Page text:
HOWARD — It’s been 18 years since Chip Pozderac joined the staff at East Knox High School. A teacher, yearbook advisor and varsity basketball coach, she’s been a part of the district for a long time. The same can be said for her classroom.

Pozderac teaches high school social studies from the third floor of the original building, which has housed students and teachers since 1939. In some spots, the plaster is peeling off the walls. The worst part, says Pozderac, is the lack of climate control.

“My room pushed one hundred plus degrees with the heat index last fall,” she said. “If you turn too many fans on you can blow a fuse, plus you can’t hear over the fans.”

There’s also a nonstop buzz from the old fluorescent lights. Pozderac is used to it, but it drives some of her students crazy. Another annoyance is the windows—they leak when it rains and occasionally provide a gateway for unwanted visitors.

“I had a bat in my classroom, I’ve had multiple birds in my classroom. There are no screens on the windows,” she said. “The bees are bad. When you don’t have screens, and you have kids that are allergic…”

While Pozderac’s wing of the building is the oldest, it’s not the only part that has problems. The library and certain classrooms had no heat this winter. The toilets in the junior high girls bathroom have been known to stop working. The entire facility lacks air conditioning. There are no elevators—when Pozderac broke her leg a few years ago, she couldn’t come back to school for a while because getting to her classroom simply wasn’t possible.

Needless to say, Pozderac supports administrators’ plans to rebuild East Knox’s junior high and high school.

“It’s not the building that makes the education, but the kids need to be comfortable and safe,” she said.

Administrators and school board members held a school facilities community forum on Tuesday to discuss the need for a new building and a bond issue to fund it. If the bond makes it to the November ballot, it will likely be a 37 year, 3.5 mill bond. About fifty people were in attendance.

The plan favored by the school board and facilities planning commission is to demolish the junior high and high school building and construct a new one in the same location. Only the 1994 addition, which includes the gym and cafeteria, would remain. This wing would undergo renovations including a new roof, bleachers, updated flooring and plumbing, kitchen upgrades and the addition of an air conditioning system.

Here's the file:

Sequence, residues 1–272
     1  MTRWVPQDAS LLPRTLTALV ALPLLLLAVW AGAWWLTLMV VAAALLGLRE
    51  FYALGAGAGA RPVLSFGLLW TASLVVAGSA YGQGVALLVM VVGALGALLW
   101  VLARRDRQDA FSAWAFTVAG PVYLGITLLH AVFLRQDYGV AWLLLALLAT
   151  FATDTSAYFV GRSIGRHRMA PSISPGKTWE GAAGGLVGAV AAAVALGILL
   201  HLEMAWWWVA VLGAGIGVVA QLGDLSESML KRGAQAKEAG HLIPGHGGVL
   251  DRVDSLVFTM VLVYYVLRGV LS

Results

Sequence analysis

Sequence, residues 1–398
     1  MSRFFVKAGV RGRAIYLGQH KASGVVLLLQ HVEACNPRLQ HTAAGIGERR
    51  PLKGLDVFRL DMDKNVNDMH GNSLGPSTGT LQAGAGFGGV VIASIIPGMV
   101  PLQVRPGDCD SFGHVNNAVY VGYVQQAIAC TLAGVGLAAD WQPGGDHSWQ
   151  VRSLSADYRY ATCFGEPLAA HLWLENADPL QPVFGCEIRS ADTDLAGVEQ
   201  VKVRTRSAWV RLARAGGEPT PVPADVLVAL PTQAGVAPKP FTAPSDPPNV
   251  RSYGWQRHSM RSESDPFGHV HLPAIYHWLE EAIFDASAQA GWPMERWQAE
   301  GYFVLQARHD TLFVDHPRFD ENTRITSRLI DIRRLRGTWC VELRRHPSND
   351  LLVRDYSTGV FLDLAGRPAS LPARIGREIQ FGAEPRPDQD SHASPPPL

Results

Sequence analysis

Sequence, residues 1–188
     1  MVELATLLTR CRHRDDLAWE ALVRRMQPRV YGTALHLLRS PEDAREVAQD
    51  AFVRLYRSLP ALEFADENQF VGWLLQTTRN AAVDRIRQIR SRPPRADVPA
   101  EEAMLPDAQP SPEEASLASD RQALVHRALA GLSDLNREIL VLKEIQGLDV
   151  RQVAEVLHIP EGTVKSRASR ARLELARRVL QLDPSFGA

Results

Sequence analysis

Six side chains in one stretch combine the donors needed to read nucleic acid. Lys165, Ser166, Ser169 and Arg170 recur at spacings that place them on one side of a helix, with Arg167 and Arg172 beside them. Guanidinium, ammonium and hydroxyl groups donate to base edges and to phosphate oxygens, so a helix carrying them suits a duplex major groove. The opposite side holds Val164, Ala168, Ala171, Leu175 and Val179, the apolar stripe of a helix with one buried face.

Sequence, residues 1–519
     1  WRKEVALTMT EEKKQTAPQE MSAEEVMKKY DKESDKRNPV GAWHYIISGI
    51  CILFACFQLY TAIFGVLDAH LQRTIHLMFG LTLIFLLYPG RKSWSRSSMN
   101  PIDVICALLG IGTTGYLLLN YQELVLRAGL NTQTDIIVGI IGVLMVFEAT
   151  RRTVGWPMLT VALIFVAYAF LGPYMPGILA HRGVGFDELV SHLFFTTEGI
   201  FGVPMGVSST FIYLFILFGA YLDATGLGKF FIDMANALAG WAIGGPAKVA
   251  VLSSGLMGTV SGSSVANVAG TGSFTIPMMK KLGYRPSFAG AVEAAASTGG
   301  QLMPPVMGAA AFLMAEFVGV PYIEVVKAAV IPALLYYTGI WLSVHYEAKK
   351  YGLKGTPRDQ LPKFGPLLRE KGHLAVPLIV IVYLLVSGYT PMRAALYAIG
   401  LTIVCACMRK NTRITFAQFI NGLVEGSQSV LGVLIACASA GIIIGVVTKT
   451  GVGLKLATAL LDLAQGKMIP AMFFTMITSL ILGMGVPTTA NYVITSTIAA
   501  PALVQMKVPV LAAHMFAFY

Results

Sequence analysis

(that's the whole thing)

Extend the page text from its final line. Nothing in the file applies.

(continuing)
The new building would house grades 6 through 12 and free up room for preschool classes at the elementary building. It would also include a new space for vocational agriculture classes.

“I think renovating and building is a good idea,” said Mary Ellen Baugher, whose children graduated from East Knox. “It’s probably past time.”

“It makes sense,” said Kyle Keith. “Even from the exterior, I’ve seen the older building looks like it’s in pretty bad shape.”

Administrators say that building a new junior high and high school, rather than gutting the current one, is a more sustainable long term solution. Matt Schwartz, vice president of the school board, admitted that he was initially against the idea, but that examining the current building for himself convinced him it wasn’t worth the cost of upkeep.

“My intentions were to make do with what we got,” he said. “When I got here and looked around at it, it just doesn’t make sense to me putting money into (the current) building…It’s like heating a house with the windows open. Sometimes it makes better sense to start over and that’s where I think we’re at.”

“I think you’d all agree that at some point we have to bite the bullet,” said school board president Dustin Buckingham. “I’m in construction. I know the costs are going to go up.”

In response to concerns that the new high school would not have an auditorium, Buckingham and superintendent Steve Larcomb emphasized that the current plan focuses on needs, rather than wants.

“We have needs that we feel really need to be addressed and we don’t want to loose voters over the wants,” said Buckingham. “We’re not proposing the Taj Mahal here.”

Buckingham told concerned parties he would look into the cost of renting auditoriums like the Woodward for future concerts and school plays.

Larcomb added that rebuilding the high school in the same place, rather than up the hill by the elementary school, allows room for future expansions down the road.

“It leaves versatility with future building projects,” he said. “It gives us options rather than land-locking us.”

When asked if state funds would be used in the project, Larcomb explained that with state money comes additional regulations on how the project would be carried out. He said the district does not plan to use state funding, since complying with the extra rules would ultimately drive up the cost of the project.

Another attendee asked about how the temporary classroom modules would affect traffic and event parking.

“It’s going to be tight…but those are the kinds of things you have to deal with,” said Larcomb. “There are some obstacles to overcome no matter how you slice it.”

He assured that students would probably see the modulars as an upgrade, since the heating and cooling of each one can be adjusted individually.

Larcomb said he will recommend that the board begin the process of creating a bond issue at its June meeting by passing a resolution of necessity. If the bond issue were to pass, his goal would be to move students to modular classrooms and start building demolition by January 2021. Renovations and new construction would be completed by the fall of 2022.

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Katie Ellington: 740-397-5333 or and on Twitter, @kt_ellington